The “Maybe” Votes
For a variety of reasons, including clerical errors and erroneous list maintenance procedures, eligible, registered voters may arrive at the polls and discover that their names are not on the official voter rolls.
To counter this risk, Congress included a “fail-safe” provisional voting requirement in the Help America Vote Act of 2002 (HAVA). Election officials are required to provide provisional ballots to individuals who are not listed on the official list of registered voters. These ballots are only counted once election officials determine that the individual is indeed eligible to vote.
But provisional voting has been widely overused, and has proven unreliable. Some poll workers have failed to offer provisional ballots to voters at all. In other cases, states have applied such varying methodologies for counting provisional ballots that tens of thousands of ballots have not been counted at all.
States have a responsibility to adopt best practices that decrease reliance on provisional ballots, and increase the likelihood that such ballots will be counted.
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Although the Help America Vote Act of 2002 provided “fail-safe” provisional voting to prevent the unnecessary disenfranchisement of eligible citizens who show up at the polls to find that they are not on the rolls, there are still thousands of voters whose ballots are not being counted. Read more
The Virginia General Assembly is busily grinding out bills that will make it considerably more difficult for Virginians to cast ballots that count. In recent years, voter ID laws have cropped up in states across the country, aimed to stymie a source of fraud that simply does not exist, and Virginia is no different. Under current law, if a voter does not or cannot produce appropriate identification at the polls, the voter can simply sign a sworn document attesting his or her identity, then cast a regular ballot. Proposed legislation in both the House of Delegates and the Senate aims to take this option away from Virginia voters and place still more stringent restrictions on the kinds of ID that are accepted. Read more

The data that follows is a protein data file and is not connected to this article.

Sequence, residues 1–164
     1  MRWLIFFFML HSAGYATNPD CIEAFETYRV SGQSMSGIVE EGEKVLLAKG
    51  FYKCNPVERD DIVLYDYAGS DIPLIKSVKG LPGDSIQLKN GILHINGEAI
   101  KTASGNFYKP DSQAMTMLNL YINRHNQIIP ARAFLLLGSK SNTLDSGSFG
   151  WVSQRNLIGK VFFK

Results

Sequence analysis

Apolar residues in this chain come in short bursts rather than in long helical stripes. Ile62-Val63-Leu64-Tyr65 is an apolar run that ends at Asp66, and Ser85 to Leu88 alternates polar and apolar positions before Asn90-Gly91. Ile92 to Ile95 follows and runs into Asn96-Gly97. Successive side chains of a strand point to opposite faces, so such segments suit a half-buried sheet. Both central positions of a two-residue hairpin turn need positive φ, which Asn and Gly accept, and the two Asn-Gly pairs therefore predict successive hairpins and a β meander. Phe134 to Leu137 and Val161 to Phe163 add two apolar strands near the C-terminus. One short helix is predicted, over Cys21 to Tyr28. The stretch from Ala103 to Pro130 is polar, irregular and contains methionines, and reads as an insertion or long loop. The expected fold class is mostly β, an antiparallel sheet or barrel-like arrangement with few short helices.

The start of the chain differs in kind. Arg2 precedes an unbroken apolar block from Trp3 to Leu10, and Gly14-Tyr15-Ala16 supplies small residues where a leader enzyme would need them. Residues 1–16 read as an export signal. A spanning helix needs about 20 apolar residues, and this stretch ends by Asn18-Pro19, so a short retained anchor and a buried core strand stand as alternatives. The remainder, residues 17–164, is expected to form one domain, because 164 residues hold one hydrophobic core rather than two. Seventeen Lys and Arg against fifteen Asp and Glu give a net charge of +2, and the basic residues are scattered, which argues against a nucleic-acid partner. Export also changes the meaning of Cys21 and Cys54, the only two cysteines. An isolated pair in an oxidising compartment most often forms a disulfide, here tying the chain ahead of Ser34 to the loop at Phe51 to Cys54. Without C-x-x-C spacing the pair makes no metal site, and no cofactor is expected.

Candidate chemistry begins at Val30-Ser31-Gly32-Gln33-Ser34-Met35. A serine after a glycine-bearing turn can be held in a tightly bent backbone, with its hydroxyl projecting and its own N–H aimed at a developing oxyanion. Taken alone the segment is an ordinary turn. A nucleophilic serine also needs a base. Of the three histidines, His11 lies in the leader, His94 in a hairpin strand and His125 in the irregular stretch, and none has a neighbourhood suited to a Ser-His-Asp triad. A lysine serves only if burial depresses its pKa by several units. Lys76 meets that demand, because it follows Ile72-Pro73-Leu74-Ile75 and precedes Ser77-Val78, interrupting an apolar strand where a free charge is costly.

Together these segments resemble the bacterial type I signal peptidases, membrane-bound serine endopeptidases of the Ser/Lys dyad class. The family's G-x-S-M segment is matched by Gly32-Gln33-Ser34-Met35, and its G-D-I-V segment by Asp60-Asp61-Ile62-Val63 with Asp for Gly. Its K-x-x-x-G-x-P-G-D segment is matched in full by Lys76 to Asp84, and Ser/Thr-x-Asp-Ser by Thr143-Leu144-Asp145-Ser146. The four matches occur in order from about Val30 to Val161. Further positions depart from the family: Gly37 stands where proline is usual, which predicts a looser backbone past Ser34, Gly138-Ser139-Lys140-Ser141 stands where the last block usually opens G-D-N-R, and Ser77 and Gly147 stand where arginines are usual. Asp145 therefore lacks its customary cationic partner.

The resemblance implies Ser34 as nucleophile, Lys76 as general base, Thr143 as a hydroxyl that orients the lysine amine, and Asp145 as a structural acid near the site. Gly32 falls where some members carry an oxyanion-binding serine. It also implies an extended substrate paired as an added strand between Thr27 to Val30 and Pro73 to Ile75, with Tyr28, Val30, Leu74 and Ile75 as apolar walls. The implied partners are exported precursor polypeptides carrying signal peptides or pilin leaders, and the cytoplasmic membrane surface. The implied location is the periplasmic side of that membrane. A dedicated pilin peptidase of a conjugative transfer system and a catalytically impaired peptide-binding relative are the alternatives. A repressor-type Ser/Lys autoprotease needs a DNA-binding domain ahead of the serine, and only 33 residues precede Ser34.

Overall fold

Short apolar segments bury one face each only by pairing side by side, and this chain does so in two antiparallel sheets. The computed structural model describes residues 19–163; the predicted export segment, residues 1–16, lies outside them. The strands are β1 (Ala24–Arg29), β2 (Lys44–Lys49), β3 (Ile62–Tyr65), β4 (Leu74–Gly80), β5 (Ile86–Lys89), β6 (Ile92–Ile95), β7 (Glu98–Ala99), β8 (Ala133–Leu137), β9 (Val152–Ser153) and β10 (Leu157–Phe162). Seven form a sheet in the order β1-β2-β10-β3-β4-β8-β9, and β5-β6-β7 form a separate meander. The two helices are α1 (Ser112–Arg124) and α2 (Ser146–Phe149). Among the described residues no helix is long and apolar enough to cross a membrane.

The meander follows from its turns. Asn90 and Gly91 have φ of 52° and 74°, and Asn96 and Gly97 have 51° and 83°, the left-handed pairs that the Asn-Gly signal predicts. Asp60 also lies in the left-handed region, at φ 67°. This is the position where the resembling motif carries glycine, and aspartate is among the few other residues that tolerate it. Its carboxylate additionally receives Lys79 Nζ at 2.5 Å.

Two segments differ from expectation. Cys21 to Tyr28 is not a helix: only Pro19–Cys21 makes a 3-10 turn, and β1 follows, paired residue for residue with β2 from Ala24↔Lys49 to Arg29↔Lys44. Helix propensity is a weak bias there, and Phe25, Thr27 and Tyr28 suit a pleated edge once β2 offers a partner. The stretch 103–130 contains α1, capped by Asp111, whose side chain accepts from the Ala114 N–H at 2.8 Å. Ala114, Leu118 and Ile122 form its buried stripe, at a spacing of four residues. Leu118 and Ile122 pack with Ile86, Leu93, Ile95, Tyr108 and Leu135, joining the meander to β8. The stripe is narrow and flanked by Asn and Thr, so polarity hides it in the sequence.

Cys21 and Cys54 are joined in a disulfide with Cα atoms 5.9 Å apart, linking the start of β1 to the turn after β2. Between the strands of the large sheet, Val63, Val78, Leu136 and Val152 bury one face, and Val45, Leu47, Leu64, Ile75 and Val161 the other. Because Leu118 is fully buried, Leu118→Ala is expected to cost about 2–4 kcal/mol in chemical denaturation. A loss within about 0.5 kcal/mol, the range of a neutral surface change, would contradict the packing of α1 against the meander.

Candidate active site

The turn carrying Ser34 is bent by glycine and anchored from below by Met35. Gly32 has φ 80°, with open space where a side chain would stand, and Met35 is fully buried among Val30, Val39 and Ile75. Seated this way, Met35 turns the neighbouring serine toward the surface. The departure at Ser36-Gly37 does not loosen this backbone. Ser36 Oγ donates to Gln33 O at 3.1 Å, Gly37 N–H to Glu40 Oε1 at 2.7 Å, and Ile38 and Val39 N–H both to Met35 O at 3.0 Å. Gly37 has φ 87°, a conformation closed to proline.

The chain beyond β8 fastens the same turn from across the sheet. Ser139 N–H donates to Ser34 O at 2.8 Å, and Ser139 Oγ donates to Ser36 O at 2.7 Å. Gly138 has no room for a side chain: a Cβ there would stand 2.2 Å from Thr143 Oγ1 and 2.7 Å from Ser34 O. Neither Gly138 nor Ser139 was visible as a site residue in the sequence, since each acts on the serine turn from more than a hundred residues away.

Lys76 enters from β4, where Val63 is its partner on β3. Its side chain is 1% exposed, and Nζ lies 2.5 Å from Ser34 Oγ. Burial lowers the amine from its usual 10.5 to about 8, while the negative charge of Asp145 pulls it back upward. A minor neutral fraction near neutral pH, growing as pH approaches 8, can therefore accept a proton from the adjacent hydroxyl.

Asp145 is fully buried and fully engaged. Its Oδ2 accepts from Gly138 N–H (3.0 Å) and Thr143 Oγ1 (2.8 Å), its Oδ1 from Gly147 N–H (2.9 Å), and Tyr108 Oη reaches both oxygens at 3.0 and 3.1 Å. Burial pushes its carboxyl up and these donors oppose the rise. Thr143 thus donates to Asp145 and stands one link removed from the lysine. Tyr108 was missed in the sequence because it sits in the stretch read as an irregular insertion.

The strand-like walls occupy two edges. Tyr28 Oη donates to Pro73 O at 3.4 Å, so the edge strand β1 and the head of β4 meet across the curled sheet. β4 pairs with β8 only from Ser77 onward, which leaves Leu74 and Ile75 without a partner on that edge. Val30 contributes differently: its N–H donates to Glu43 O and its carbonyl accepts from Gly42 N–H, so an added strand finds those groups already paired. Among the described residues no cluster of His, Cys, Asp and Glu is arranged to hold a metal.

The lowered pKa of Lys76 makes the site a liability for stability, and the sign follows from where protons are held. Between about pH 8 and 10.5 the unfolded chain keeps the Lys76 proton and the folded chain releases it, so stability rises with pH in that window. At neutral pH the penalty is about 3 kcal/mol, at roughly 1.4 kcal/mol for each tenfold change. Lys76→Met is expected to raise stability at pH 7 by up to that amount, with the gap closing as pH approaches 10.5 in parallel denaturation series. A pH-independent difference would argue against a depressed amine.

In preparation for the 2010 legislative season, Project Vote’s Election Administration (EA) Program is releasing a series of election administration... Read more
This document provides a template for lawmakers and other interested parties to draft bills in support of provisional voting legislation. Read more
This legislative brief outlines the reasons why thousands of provisional ballots have not been counted since the passage of Help America Vote Act, and why the use of provisional ballots should be limited. It also provides policy recommendations which, if implemented by all states, would increase the likelihood that a voter’s provisional ballot would count. Read more
Here's an interesting way one Arizona city is dealing with early voting and provisional ballot problems, at least in their city elections. The city council of Phoenix has approved an election plan that would essentially eliminate the need to designate polling places during local elections. The plan is currently being reviewed by the Department of Justice and is expected to go into effect with the next mayoral election in 2011. Read more
Although state election officials say they’ve got it covered, election watchdogs are warning that a potentially volatile concoction of new voters, wayward poll workers, fickle voting equipment and Mother Nature could boil over Tuesday and threaten the integrity of the results across the country. Read more